“I’m not sure if you had an owner or not if that was going to change the fact that you had 6,700 people (at that game),” said winger Ray Whitney, a 19-season NHL veteran who signed with the Coyotes in the offseason. “I don’t know what could be the cure or the fix for it. Winning? They won last year, and this year they had 6,700 at a game the other night. It’s just the way it is, I think.”

Whitney then added this exasperated tidbit.

“It’s frustrating,” Whitney said. “Especially with the season they had last year, you’d like to see that increase. But what can you do? There’s nothing you can do about it.”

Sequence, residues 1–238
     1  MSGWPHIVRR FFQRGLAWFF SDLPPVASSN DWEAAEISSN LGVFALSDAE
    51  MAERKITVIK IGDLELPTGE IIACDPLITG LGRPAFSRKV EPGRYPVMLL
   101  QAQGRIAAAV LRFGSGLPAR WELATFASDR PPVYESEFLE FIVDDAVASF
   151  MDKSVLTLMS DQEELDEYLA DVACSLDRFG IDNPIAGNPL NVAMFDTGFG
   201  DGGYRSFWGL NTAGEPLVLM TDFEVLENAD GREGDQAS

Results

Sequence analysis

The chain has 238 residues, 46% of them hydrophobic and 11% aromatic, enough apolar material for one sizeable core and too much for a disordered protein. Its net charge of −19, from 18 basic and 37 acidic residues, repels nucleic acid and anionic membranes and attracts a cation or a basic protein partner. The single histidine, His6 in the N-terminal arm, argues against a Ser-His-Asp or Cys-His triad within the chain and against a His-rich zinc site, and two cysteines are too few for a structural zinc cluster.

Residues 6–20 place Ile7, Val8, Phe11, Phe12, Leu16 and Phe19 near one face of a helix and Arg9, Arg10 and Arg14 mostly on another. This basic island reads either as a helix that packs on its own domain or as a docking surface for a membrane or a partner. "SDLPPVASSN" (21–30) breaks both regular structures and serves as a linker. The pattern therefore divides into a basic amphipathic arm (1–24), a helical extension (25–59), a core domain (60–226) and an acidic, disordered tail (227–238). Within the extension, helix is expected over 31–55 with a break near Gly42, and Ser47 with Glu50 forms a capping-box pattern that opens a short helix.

Whitney is new to the game in Arizona and having this distinct lack of support from more fans in Glendale and Phoenix can create a bit of a culture shock. While some Coyotes veterans, like Shane Doan, are used to it by now, it’s the sort of thing that can get on your nerves a bit. Having 6,700 dedicated fans is great, but if you’ve got a 17,000+ seat arena it can feel like no one is watching.

The NHL and others in Arizona are convinced that getting a new owner in place that’s committed to staying in Arizona will turn things around with the locals. After all, who wants to plunk down NHL-level ticket prices for a team that might end up leaving town? Not too many people in a tight economy are that willing to shell out the bucks and you can’t fault them for that.